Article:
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Bridling the tongueBridling the tongue

Bridling the tongue

Point taken. What I found myself considering in church was how this translates across to the digital age. I wonder perhaps if we forget the wisdom of bridling the tongue when it comes to communicating on the internet, since we don't literally speak the words out loud. . . . . . . . . . . . . . . .

Alissa Wilkinson
2 minute read
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In church yesterday, I was reminded by the confession of this proverb: "Do you see a man hasty in his words? There is more hope for a fool than for him" (29:20). Since childhood, I've heard this applied to what comes out of our mouths. There's a surprising number of these exhortations sprinkled throughout the Bible, all pointing to the fact that the tongue can be an awfully dangerous thing and we do well to learn to bridle it.

Point taken. What I found myself considering in church was how this translates across to the digital age. I wonder perhaps if we forget the wisdom of bridling the tongue when it comes to communicating on the internet, since we don't literally speak the words out loud.

For most of us, a lot of what we say on the web is friendly and pleasant, the equivalent of pleasantries exchanged with acquaintances—hardly a real problem. But for those of us whose vocations require writing, it occurred to me that we would do well to heed this proverb. It's for our own good. Last week I gave a talk about social media to a group of students, and what I emphasized—and they asked questions about—was the fact that, as Mark Zuckerberg's ex-girlfriend tells him in The Social Network, "The internet isn't written in pencil, it's written in ink." That is to say, whatever we say on the web is likely to follow us around—if not for the rest of our lives, at least for a very long time. Nothing's ever really deleted.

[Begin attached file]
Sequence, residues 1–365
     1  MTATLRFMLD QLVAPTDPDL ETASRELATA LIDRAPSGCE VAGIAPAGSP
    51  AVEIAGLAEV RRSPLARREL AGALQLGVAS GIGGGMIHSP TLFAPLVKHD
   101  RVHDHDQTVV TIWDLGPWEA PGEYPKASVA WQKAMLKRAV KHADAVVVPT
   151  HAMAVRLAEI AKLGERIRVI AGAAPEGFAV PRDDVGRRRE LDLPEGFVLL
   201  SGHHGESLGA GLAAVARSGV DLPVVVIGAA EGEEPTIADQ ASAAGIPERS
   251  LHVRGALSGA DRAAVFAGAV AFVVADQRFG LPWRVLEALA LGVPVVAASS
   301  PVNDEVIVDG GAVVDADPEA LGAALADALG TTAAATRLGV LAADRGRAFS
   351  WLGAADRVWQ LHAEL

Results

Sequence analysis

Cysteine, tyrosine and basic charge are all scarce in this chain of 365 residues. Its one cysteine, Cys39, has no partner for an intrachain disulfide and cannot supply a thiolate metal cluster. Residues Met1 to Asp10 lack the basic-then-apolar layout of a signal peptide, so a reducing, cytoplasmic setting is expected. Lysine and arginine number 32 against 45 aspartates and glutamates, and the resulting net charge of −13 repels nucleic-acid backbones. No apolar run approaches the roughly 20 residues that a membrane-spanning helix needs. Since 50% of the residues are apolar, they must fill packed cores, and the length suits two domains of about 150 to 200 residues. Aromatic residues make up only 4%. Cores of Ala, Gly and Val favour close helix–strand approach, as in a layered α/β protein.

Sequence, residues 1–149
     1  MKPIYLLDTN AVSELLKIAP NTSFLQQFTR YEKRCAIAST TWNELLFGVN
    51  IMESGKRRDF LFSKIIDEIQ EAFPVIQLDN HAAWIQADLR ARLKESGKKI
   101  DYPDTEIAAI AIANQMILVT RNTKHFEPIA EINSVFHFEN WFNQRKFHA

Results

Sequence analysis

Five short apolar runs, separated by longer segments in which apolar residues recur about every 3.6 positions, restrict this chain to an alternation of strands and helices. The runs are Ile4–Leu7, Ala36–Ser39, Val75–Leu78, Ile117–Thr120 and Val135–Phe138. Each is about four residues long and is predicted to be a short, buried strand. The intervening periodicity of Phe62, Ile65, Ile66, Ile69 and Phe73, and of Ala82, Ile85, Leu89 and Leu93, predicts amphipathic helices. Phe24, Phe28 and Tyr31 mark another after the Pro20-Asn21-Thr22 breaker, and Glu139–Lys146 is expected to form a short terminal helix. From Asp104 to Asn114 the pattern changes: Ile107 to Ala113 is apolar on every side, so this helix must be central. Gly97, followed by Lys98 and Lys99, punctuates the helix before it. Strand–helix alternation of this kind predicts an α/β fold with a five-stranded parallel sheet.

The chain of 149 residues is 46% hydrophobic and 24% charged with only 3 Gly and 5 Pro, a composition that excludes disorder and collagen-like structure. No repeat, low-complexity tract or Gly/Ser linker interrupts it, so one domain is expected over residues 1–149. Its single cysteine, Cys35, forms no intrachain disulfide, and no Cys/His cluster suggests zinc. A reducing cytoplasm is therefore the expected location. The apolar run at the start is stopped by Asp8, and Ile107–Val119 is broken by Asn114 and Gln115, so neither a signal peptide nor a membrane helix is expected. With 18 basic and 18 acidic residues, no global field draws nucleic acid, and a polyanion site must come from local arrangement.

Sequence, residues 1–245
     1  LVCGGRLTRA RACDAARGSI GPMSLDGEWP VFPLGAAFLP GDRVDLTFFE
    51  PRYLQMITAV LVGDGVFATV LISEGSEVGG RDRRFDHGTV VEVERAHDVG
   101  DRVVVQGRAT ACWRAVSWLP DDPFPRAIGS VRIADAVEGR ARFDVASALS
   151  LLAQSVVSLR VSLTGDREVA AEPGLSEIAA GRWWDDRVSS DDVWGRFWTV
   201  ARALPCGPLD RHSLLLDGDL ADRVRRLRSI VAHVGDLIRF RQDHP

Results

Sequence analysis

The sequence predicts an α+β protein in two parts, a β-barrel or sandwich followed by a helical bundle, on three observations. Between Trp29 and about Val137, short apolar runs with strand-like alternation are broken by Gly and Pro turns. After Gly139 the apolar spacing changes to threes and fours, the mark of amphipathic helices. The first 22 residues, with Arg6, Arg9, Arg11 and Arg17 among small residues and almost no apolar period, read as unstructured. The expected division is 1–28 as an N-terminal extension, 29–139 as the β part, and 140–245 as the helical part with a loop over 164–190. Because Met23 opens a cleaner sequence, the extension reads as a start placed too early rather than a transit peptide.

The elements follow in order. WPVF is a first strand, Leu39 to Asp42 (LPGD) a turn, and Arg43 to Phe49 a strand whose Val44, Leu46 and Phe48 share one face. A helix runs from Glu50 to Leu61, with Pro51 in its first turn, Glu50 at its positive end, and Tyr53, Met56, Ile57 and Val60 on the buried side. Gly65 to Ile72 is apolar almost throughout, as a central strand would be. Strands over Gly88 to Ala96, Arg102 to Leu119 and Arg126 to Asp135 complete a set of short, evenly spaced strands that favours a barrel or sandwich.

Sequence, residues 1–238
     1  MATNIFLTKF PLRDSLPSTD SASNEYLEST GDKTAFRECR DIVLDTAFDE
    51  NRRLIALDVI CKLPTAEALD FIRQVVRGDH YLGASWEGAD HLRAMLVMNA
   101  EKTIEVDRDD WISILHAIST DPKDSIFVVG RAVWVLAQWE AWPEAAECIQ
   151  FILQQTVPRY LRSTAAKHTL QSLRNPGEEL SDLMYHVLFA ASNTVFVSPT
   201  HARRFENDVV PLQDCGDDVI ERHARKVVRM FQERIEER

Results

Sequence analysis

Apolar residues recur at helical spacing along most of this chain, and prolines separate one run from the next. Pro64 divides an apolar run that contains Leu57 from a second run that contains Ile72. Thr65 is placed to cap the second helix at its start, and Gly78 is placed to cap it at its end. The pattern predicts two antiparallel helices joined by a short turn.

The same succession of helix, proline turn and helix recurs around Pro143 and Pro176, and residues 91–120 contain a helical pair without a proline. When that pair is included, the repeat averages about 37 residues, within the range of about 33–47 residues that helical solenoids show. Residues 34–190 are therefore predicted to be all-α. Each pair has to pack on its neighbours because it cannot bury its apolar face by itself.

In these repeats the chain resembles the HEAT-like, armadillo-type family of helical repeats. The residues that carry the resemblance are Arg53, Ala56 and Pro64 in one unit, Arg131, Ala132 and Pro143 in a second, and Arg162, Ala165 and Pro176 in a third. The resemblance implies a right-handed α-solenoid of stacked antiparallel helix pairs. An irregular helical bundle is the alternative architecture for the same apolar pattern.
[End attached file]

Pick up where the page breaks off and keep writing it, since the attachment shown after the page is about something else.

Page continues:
And since most of what we publish gets posted to the web these days, we have to be especially careful. I realize the richness of even writing this on a blog, but blogs can be the trickiest of these things: Our selves change so rapidly, and what we said when we were 25 might be the last thing we want anyone to remember when we're 35, or 55. But if we wrote it on the web, the web remembers it, and it can be dug up again.

It's not really the web's fault, although it does require a bit of a paradigm shift. But, all of this is just to say that writers best think over what they say "on the record" . . . now that the record is a whole lot easier to get on.

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